More Stable

Discussion in 'General Harley Davidson Topic' started by HarryB737, Sep 24, 2011.

  1. HarryB737

    HarryB737 Junior Member

    Here's a little project I did to help stablize the bike while on the lift.
    I welded some "outriggers" in four places on the lift to give it a larger Footprint....Welded angle iron with a 1/2" nut in place with a bolt that can go down & retrack when not needed... Here's some pictures... It helped alot. DSCN0399 (Small).JPG

    DSCN0400 (Small).JPG
  2. glider

    glider Veteran Member

    It probably takes the sway out of the lift when the bike is up on it.

    Nice job.
  3. dbmg

    dbmg Experienced Member

    Thanks for sharing your idea. It looks easy enough for those who can...
  4. mat 60

    mat 60 Senior Member

    That looks like a good idea....There is a lot of flex on my jack to..
  5. 67wizard

    67wizard Junior Member

    Now if I could only weld, and had a welder or some one close that could do that. Look like a great idea.
  6. Iceman24

    Iceman24 Well-Known Member

    Nice way to stabilize the jack & you can add those rubber bolt caps (get @ Ace Hardware) to make sure the lift stays in one place & garage floor doesn't get dinged. Great job!
  7. R_W_B

    R_W_B Senior Member

    Nice report and creative idea. Is that the Sears Red or H.F. Yellow ? Can't tell from the focus.

    When I get kinda rough with the bike, my H.F. has some flexure in the brace structure of the Jack that comes up off the base. The Floor base part doesn't seem to flex or tilt. Just the small bit of flexure in the risen structure tends to show the front end bouncing some due to the extended geometry from point of beginning.

    I will say this for my cheap cost H.F. Jack. I have done everything from replace bars, riser bushings, loosen and torque motor mounts front and back. And the absolute most testing was pulling my vertical alignment towards the left of the bike 3/16 of an inch, all while the bike was on the lift.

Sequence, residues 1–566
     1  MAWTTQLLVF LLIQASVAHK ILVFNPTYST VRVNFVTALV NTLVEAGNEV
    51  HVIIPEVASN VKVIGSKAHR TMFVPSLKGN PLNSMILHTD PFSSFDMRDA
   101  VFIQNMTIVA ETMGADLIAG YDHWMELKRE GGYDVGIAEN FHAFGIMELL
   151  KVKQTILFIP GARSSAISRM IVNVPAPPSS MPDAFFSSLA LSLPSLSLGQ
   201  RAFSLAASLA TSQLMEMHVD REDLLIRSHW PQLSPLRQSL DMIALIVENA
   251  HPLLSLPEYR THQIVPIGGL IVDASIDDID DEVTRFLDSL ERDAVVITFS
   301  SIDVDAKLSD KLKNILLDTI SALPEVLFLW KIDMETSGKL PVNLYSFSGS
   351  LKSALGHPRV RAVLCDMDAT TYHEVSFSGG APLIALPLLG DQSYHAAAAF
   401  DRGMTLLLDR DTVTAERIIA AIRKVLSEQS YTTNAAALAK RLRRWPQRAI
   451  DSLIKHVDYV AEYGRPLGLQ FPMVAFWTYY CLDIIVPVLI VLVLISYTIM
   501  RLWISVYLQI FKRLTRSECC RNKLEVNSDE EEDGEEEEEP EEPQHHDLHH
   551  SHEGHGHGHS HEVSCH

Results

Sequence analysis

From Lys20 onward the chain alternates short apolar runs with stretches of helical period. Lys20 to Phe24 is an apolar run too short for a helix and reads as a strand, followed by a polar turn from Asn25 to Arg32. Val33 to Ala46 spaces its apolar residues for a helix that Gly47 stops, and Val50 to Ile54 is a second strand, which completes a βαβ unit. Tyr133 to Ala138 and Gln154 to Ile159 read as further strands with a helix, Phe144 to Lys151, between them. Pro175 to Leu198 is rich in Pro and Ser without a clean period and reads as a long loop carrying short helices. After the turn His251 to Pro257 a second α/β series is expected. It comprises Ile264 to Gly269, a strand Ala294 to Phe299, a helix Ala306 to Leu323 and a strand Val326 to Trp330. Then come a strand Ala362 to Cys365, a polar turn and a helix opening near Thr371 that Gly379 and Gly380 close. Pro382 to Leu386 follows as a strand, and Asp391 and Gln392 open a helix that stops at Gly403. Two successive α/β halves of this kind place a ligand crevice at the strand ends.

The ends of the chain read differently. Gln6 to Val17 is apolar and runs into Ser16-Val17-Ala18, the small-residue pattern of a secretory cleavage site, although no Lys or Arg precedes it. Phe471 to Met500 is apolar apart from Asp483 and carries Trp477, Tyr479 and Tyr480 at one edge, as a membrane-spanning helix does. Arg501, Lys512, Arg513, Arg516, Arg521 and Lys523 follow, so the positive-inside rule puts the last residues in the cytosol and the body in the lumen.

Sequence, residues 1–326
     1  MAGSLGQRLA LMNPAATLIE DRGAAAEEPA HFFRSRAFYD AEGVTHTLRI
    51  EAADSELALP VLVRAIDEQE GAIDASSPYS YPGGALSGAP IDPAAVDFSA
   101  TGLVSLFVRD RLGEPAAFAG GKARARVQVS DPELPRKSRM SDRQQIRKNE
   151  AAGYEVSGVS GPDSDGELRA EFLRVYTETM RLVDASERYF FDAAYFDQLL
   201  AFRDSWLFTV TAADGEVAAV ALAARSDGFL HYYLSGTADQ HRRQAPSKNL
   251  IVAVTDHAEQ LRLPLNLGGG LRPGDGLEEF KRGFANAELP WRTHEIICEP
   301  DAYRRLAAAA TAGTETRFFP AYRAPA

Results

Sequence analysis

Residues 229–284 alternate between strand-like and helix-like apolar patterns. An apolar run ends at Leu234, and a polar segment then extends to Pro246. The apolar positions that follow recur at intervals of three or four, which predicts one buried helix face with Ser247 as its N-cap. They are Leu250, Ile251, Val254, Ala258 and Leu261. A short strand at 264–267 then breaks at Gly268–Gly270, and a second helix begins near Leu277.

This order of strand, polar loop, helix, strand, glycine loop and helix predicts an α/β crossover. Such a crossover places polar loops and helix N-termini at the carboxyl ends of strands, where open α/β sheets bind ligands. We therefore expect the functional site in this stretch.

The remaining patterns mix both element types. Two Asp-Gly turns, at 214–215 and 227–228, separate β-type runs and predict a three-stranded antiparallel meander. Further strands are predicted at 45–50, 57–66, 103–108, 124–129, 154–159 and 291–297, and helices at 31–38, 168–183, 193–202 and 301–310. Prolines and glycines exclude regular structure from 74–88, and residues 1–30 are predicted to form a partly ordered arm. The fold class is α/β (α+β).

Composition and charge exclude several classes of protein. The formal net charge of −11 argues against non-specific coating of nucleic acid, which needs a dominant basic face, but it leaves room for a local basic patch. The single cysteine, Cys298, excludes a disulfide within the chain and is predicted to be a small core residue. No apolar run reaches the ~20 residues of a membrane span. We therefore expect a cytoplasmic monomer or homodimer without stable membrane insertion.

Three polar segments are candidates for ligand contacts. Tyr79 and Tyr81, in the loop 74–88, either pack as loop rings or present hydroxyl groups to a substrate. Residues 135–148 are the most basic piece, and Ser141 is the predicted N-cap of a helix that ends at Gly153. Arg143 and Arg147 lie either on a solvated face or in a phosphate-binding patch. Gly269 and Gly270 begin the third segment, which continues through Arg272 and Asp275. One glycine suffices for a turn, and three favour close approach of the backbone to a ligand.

The bike never once tried to slide off the pads or tip off the jack. However the entire jack and bike did start to roll (on the wheels) when I pulled hard on the engine brace. So I set up a pry bar arrangement, by mask taping some wood blocks on the frame and some leather pads on the engine brace. Then I could push against the bar with my shoulder while I dropped the alignment bolt into the eye hole.
  8. HarryB737

    HarryB737 Junior Member

    Quote: Is that the Sears Red or H.F. Yellow ? Can't tell from the focus.

    It's a Harbor Freight "Orange"... the model before their yellow one.

    Sorry for the focus/Lighting issue.

    I got this lift back when I had my Sportster, but it does fine for the Heritage too... even better with the outriggers. It's now stable enough I would be comfortable enough to do anything one might want to do with a bike on a lift.
    I've changed several tires & done complete maintenance ect....
  9. R_W_B

    R_W_B Senior Member

    If I ever get done with all the stuff going on in my life and get some decent income coming back in, I would love to do what you did PLUS weld some secondary square tubes right on the outside face of the ones hole the pads up.

    Just weld them right on the OEM square tubes and drill holes out the end for the pad bolts to go thru. Bet that would be on stout setup them.